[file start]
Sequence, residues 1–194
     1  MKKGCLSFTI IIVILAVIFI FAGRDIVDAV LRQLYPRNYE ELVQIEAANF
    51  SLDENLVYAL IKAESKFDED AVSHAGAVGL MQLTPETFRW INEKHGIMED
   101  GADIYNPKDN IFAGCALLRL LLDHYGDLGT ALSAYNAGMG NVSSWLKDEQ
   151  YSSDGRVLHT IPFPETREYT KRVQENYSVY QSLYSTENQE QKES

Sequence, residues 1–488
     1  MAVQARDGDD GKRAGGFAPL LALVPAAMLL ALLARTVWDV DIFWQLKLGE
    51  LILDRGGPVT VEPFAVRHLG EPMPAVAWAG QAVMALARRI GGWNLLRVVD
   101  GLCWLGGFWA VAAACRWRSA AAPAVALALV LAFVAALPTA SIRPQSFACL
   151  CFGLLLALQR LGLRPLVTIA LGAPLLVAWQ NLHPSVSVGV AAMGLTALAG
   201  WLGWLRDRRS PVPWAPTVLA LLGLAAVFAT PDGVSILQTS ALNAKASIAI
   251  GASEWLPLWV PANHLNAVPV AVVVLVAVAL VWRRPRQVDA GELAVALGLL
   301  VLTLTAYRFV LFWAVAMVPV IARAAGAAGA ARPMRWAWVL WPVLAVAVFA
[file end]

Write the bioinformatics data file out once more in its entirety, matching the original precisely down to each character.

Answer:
Sequence, residues 1–194
     1  MKKGCLSFTI IIVILAVIFI FAGRDIVDAV LRQLYPRNYE ELVQIEAANF
    51  SLDENLVYAL IKAESKFDED AVSHAGAVGL MQLTPETFRW INEKHGIMED
   101  GADIYNPKDN IFAGCALLRL LLDHYGDLGT ALSAYNAGMG NVSSWLKDEQ
   151  YSSDGRVLHT IPFPETREYT KRVQENYSVY QSLYSTENQE QKES

Sequence, residues 1–488
     1  MAVQARDGDD GKRAGGFAPL LALVPAAMLL ALLARTVWDV DIFWQLKLGE
    51  LILDRGGPVT VEPFAVRHLG EPMPAVAWAG QAVMALARRI GGWNLLRVVD
   101  GLCWLGGFWA VAAACRWRSA AAPAVALALV LAFVAALPTA SIRPQSFACL
   151  CFGLLLALQR LGLRPLVTIA LGAPLLVAWQ NLHPSVSVGV AAMGLTALAG
   201  WLGWLRDRRS PVPWAPTVLA LLGLAAVFAT PDGVSILQTS ALNAKASIAI
   251  GASEWLPLWV PANHLNAVPV AVVVLVAVAL VWRRPRQVDA GELAVALGLL
   301  VLTLTAYRFV LFWAVAMVPV IARAAGAAGA ARPMRWAWVL WPVLAVAVFA